top of page

"Medicine for the Soul"

Updated: Dec 31, 2020

Art by Tina Lin

Music has long been termed “medicine for the soul,” as it serves as an outlet to sincerely express thoughts and feelings. Music has even been acknowledged as a universal language as it transcends time and boundaries between people and countries. As the stress of quarantine continues, many have turned to classical music, in private solace or in public live streams, like that of renowned Johann Sebastian Bach. But what makes this composer so special?

The world has nearly stopped in time as we are forced to stay in isolation and reflect on our own perspectives and values. The same goes for musicians. Cellist Alisa Weilerstein started her own in-house project — #36DaysofBach — gifting a live performance through social media each day with a movement from the Bach’s cello suites. Weilerstein says, “I think each person really listens to it [Bach] with a personal take on it. I suppose that can be applied to any music, but there’s something about Bach which is so timeless, and so sublime, and so human, that it’s universally touching” (Allen, 2020).

How does the pandemic affect one’s perception of music? Weilerstein believes: “I think it’s especially true for the Sarabande [a movement of a Bach suite]. It’s this one line, from which it traces this indescribable sadness, the feeling of complete isolation. I think of so many friends of mine who are going through this completely alone. It does make one play this music differently, thinking of a universal burden, rather than applying one’s own emotion to it” (Allen, 2020).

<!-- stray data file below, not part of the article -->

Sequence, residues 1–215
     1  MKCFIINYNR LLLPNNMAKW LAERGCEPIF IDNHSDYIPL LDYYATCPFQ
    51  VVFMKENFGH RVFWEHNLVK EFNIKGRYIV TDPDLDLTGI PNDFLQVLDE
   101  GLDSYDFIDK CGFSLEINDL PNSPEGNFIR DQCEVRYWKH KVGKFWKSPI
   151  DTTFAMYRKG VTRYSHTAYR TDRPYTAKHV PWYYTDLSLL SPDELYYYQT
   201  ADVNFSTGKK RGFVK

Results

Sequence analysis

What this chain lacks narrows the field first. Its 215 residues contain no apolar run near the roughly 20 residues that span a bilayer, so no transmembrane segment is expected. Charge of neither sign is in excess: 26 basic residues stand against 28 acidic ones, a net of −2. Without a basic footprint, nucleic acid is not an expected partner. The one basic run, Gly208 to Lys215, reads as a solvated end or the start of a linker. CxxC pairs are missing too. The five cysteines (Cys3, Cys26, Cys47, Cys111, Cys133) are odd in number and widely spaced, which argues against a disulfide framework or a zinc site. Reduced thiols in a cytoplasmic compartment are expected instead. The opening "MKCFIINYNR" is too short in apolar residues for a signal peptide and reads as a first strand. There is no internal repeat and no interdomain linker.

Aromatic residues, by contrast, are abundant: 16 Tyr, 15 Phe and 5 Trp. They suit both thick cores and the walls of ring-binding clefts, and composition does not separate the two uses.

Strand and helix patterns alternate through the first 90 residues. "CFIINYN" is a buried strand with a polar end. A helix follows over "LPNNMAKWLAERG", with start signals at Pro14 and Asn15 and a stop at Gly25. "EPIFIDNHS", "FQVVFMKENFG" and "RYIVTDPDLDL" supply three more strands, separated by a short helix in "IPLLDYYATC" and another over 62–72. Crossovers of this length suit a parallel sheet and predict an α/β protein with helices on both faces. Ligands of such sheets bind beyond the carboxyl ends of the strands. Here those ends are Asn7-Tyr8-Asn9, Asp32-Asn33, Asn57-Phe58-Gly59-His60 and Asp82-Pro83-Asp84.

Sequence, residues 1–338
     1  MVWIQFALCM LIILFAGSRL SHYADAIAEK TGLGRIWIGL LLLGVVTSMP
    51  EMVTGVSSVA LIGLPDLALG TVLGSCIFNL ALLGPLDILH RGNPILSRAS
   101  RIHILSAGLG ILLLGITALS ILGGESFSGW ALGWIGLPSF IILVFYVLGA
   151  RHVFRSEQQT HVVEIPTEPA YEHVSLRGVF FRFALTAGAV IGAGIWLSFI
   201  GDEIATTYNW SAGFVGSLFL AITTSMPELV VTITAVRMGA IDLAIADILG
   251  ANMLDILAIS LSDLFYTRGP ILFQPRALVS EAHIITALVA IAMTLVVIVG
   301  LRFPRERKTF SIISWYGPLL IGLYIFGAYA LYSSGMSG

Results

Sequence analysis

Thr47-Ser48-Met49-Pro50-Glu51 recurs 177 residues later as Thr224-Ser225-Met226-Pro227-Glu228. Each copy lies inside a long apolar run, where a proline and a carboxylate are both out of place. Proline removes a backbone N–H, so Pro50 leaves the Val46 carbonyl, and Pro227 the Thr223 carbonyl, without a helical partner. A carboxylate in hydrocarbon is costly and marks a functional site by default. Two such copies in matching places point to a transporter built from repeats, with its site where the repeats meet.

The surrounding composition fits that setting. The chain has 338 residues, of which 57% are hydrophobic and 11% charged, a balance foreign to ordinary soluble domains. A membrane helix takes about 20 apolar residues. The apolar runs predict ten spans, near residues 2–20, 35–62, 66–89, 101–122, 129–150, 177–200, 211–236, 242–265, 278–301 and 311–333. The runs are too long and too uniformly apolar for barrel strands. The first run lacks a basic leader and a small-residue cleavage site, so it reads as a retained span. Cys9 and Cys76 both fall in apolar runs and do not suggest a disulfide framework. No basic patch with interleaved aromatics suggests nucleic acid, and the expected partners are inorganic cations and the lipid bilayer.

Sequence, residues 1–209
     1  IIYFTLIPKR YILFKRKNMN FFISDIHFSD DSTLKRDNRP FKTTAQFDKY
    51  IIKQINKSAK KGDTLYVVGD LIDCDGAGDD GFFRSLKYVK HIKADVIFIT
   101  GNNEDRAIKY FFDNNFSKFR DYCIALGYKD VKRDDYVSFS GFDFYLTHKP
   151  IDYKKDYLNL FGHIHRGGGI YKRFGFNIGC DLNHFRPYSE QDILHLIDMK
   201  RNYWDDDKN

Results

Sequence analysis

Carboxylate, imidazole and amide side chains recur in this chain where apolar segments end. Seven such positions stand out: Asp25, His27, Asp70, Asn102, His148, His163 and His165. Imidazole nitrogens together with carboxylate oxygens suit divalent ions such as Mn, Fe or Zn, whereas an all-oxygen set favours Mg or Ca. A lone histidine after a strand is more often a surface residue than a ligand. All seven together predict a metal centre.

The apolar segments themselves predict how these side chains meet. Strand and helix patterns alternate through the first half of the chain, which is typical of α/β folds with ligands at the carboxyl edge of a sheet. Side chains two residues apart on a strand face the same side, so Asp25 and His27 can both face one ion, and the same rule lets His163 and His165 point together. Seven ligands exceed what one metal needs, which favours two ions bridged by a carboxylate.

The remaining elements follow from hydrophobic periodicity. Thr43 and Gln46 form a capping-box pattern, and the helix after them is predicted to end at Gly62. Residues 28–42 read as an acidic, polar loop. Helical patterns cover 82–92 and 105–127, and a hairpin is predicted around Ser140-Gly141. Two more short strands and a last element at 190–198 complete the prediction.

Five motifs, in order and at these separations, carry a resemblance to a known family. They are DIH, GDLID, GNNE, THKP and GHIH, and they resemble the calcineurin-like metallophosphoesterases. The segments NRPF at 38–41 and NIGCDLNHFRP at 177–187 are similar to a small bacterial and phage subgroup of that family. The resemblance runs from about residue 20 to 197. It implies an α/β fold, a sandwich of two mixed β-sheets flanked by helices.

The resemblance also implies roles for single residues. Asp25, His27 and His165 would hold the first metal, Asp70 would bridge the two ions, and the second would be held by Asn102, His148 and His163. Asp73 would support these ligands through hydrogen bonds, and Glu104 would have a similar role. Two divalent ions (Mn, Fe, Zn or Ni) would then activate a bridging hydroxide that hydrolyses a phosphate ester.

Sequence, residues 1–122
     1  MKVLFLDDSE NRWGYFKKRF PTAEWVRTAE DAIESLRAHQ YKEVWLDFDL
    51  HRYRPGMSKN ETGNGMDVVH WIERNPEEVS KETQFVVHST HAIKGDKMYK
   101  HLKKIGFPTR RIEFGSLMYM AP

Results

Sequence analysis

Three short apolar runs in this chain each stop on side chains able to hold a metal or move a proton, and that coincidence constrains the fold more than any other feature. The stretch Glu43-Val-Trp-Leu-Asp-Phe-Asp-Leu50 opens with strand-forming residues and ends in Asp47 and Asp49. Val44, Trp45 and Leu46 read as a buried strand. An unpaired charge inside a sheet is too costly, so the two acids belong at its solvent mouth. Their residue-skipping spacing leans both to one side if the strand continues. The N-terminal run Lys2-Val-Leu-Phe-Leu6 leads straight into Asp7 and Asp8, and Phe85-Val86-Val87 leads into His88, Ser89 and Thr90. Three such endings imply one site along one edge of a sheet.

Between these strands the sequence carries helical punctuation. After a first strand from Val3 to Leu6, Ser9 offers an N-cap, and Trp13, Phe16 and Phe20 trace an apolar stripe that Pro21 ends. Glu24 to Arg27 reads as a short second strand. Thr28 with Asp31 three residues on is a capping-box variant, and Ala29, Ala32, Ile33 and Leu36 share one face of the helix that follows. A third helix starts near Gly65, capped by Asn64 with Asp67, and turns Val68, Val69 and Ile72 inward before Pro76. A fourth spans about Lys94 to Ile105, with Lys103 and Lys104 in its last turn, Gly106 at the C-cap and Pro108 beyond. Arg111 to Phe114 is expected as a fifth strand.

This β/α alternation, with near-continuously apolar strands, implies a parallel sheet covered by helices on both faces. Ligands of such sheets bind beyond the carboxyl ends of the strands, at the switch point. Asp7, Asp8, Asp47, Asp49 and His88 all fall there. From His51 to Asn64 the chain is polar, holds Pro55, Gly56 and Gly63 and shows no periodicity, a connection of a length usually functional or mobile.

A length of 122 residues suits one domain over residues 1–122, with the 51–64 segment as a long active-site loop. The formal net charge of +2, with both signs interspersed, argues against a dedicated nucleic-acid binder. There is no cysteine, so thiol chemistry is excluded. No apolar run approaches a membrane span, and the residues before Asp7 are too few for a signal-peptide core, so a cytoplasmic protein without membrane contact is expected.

It is our privilege to find happiness through music during this distressing time. While the melody, harmony, and meaning of each musician’s performance can fall upon listeners’ ears unanimously or fall vulnerable to individual interpretations, it serves as a unifying factor as our planet embarks on a promising road to recovery. Surely, as Hans Christian Andersen once wrote, “Where words fail, music speaks.”


___________________________________________________________________________________________


References

Allen, D. (2020, April 20). Does the pressure of a pandemic transform a cellist's Bach? Retrieved May 29, 2020, from https://www.nytimes.com/2020/04/20/arts/music/alisa-weilerstein-bach-coronavirus.html


45 views5 comments

Recent Posts

See All

NEWS: 2019/20 World XI (Part 1 - Defenders)

This past season was perhaps the most unusual season in the history of European soccer. What was already an exciting year was rocked when football stood still as a global pandemic took over our world.

5 komentarzy


Catherine Park
Catherine Park
20 lip 2020

This piece was a really eloquent way to express what I'm sure a lot of people are feeling right now. I know I personally found myself listening to instrumental music a lot during the last couple months; an absence of lyrics can actually feel much more emotional and comforting.

Polub

Alina Y. Liu
Alina Y. Liu
17 lip 2020

this is excellently written. music is not only beautiful, but also meaningful, and weilerstein's description of "this indescribable sadness" really resonated with me. music is art, and art is emotion.

Polub

Esther Kim
Esther Kim
13 lip 2020

This is so true! I feel like music has taken on a greater meaning for everyone, but I truly appreciate how that meaning can be different for each person.

Polub

Min Hur
Min Hur
13 lip 2020

This such a great piece of writing! I love how this shows how much music can help a person especially during times like these.

Polub

Jane Wen
Jane Wen
13 lip 2020

Thoughtful piece! I adore how music is universal and can comfort us by allowing us to understand that we aren't alone in the emotions we deal with, especially during these harder times.

Polub
bottom of page